Do you live in the eastern United States? If you do, take a walk in the woods on a beautiful morning in early May. Look high up in the trees. If you spot something so bright, and so brilliantly red, that you couldn’t possibly believe it to be real, you may be looking at the Scarlet Tanager. As a child, there was nothing more exciting to me than tracking down the tropical-looking Scarlet Tanager in Pittsburgh’s Latodami Nature Reserve.
Description/Range/Habitat: The Scarlet Tanager is brilliant red with jet black wings and tail. In the fall, first-year, male Scarlet Tanagers may be spotty red and yellow. Despite its bright red color, the Scarlet Tanager is relatively inactive, and can be hard to see high in the trees amidst the broad leaves of maples and oaks. The unmistakable Scarlet Tanager is only about 6 inches in length(slightly smaller than the cardinal). The female is the only bird in the northeast United States that is entirely green. The Scarlet Tanager lives primarily in the eastern United States, but is most common in the mid-Atlantic states and Appalachian Mountain regions in deciduous forests.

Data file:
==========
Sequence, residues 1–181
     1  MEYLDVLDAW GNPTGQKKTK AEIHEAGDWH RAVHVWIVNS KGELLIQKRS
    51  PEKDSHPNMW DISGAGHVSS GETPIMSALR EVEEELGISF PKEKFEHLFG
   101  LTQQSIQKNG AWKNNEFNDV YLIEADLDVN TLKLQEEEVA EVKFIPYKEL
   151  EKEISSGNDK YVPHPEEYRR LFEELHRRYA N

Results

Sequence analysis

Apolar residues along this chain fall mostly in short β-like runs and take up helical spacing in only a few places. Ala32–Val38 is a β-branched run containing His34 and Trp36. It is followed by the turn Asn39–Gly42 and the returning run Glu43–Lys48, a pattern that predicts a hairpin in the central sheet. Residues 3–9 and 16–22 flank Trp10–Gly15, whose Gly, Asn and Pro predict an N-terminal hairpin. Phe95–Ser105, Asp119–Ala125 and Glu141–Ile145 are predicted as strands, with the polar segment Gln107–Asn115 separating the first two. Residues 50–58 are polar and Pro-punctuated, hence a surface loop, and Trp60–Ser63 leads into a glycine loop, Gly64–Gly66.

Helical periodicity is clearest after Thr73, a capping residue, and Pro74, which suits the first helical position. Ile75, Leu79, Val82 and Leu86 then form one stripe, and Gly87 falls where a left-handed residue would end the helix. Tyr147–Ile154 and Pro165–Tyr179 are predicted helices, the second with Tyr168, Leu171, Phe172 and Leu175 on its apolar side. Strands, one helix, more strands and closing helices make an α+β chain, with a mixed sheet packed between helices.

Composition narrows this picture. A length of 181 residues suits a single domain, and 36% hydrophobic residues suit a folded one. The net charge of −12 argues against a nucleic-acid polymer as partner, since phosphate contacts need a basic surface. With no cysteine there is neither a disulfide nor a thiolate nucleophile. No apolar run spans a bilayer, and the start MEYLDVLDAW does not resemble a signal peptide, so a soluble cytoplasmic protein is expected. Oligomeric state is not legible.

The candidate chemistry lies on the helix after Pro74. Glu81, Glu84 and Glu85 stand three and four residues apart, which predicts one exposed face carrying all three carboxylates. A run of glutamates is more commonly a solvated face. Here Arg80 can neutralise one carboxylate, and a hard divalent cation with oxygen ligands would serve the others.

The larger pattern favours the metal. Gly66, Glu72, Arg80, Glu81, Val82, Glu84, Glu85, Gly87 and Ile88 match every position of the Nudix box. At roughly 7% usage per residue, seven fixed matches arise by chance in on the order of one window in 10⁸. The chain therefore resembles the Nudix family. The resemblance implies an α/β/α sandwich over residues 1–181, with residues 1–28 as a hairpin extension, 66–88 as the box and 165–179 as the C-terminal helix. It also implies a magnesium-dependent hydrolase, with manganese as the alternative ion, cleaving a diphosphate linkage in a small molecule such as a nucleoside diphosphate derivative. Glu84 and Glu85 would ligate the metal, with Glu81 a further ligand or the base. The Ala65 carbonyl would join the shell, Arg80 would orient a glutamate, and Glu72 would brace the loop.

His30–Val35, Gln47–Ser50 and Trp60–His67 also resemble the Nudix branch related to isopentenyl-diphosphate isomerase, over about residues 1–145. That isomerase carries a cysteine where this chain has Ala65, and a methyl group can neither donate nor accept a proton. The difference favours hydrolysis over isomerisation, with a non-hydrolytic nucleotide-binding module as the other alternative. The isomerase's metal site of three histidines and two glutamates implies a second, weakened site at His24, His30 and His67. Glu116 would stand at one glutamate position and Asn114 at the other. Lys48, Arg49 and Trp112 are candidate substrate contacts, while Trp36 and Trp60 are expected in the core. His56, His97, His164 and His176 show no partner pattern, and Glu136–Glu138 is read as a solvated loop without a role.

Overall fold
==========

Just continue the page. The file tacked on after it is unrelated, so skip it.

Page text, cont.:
Diet/Status: The Scarlet Tanager eats insects and is sometimes the victim of the parasitic Brown-Headed Cowbird. The cowbird lays its eggs in tanager nests, which causes the smaller tanager chicks to be pushed out of the nest. Scarlet Tanager numbers have decreased in recent years because of cowbird parasitism as well as habitat destruction in North America and their tropical wintering grounds.
Scarlet Tanager Video